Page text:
But there is a second deeper level. At that level, "The Dark Knight" is a discourse on the nature of evil.
And then... there is a third, still deeper, final level.
At that final level, this movie is a bunch of violent, purposeless noise.
People are buying scalped tickets this weekend for $100 apiece. The critics say it's brilliant. You've likely heard them, speaking in uniform voice, extolling the profundity of this very, very important movie. The hype has been unmatched. It's the best of its genre -- ever. Thoroughly engrossing, thoroughly entertaining, thoroughly -- you know -- important.
So it's interesting to watch people emerge into the light of day in the hot Florida sun, looking for their cars in the crowded lots. They look kinda...bored. Like they did when they walked in. Almost like they didn't just see 2.5 hours of non-stop explosions, ear-crushing destruction, screams, bleeding, shotgun blasts, and brutal torture scenes.
Let the record show that in the waning days of western civilization, when we were artistically spent, the going rate for 2.5 hours of defibrillation was $9. Anything -- anything! -- to get our hearts pumping again, if for a short time, before exiting to find where we put the Accord.
This movie is well-made, of course. To paraphrase Abraham Lincoln, "People who enjoy that sort of thing will certainly enjoy that sort of thing."
"The Dark Knight" is that sort of thing. Death, mayhem, horrifying chaos -- wrapped in ooh-that's-deep philosophizing that will prompt many an essay from high school sophomores. Too bad it, ultimately, means nothing.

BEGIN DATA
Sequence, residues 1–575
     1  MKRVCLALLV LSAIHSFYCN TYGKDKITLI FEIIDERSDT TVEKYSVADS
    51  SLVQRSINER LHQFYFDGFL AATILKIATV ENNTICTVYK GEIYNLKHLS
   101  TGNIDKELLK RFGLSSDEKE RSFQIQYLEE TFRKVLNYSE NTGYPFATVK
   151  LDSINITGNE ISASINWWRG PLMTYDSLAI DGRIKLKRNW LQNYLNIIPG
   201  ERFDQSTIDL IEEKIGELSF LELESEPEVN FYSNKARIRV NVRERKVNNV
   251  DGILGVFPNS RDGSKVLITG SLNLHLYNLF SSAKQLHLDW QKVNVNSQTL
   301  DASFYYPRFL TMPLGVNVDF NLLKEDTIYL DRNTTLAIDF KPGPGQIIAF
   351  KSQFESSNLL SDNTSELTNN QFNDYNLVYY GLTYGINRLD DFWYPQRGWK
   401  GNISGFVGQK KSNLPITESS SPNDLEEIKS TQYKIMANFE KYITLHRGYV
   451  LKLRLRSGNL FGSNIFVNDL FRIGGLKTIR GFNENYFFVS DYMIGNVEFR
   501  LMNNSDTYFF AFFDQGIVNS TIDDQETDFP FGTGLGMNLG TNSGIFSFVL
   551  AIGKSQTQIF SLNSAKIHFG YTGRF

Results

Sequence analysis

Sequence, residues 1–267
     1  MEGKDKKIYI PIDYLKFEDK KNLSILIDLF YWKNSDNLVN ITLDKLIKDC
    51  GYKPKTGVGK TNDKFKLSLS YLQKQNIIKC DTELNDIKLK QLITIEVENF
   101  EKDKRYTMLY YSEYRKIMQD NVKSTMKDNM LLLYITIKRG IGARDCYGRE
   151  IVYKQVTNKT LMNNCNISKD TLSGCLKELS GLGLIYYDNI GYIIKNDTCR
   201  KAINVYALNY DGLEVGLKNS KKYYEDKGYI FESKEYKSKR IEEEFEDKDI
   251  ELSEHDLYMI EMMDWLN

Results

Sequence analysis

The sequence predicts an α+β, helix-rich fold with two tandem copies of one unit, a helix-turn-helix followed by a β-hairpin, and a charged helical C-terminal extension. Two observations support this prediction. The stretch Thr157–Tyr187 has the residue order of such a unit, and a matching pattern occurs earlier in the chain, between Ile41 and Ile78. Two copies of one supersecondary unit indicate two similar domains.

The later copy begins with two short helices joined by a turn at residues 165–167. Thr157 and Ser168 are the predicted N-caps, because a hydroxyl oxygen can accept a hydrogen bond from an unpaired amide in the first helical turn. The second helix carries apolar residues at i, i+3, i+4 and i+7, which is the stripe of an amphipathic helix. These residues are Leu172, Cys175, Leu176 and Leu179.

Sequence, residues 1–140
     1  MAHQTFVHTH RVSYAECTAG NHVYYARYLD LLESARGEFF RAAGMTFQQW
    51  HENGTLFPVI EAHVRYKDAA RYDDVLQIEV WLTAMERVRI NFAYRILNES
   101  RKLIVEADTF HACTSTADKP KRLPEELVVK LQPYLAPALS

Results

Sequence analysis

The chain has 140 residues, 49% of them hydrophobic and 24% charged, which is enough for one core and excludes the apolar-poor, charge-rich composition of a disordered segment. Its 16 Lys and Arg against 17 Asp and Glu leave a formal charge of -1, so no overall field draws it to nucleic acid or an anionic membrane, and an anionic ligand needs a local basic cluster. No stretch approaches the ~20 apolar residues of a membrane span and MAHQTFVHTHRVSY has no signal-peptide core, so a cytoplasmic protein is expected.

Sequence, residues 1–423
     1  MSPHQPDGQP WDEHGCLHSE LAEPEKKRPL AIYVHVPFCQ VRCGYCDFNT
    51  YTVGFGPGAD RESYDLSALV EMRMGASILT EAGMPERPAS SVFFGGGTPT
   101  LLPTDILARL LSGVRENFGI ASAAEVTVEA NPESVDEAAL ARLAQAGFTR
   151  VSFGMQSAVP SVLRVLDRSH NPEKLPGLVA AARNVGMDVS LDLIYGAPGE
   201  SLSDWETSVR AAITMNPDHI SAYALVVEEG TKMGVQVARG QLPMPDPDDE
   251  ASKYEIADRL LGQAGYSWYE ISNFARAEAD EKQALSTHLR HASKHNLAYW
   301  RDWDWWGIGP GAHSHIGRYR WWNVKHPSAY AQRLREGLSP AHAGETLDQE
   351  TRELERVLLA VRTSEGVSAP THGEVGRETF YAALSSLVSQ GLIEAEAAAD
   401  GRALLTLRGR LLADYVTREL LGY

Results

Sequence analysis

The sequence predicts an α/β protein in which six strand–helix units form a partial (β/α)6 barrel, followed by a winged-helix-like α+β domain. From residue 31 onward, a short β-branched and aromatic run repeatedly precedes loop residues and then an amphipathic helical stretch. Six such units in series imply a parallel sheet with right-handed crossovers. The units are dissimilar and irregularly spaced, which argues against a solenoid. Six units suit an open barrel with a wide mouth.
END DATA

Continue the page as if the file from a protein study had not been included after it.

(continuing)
Granted, my experience was colored somewhat. Carolyn and I were sitting next to a three-year-old, who was treated to a happy-time-with-dad buffet of burnt flesh, maniacal laughing, and corpses. It's only PG-13, you know, which just means parents need show guidance, as they guide those they are to protect into their seats in dark, stranger-filled blood shows. Where would we be without parental guidance?
Focus on the Family gives this movie 2-and-a-half stars for "family friendliness". For what family, the Mansons?
Will kids say they liked it, though? Will the junior high boys like it? Here's an experiement: Ask a group of junior high boys for movies they say that were NOT awesome. I've done it. There follows a long silence. This is because they are fools.
"The Dark Knight" is cultural rigormortis. It's what happens when we are done, and we are done. Jacques Barzun had it right, when he wrote a history of western culture up through the 1990s, and said, certainly, that our age is defined by boredom. We are excited by nothing, really, but maybe for a moment here, or a moment there, we can try to be turned on. Sex can do it (or fake sex, much more likely) but brutal violence can work, too, if for a short time.
Our culture is lying on the table, and "The Dark Knight" is just another jolt before the flatline resumes.
At least give us this: Our mass-market (which included me, yesterday) is willing to pay for it, but also demands some sense that it was all, ultimately, high-minded, that it was making some statement, that it was horrific, yes, but redemptive, blah blah blah. Expect many hip Christian types to write as much, because 1) That's the essence of being hip, and 2) Who doesn't like Batman?
But it's not redemptive...unless...
Unless we can emerge in the sunlight, after ALL THAT HYPE for this masterwork, this penultimate expression, this marvel-ous creation, saying, "Really? That's as good as it gets?"
Then we walk out into the sun, and decide it's infinitely more interesting than what we just paid to see.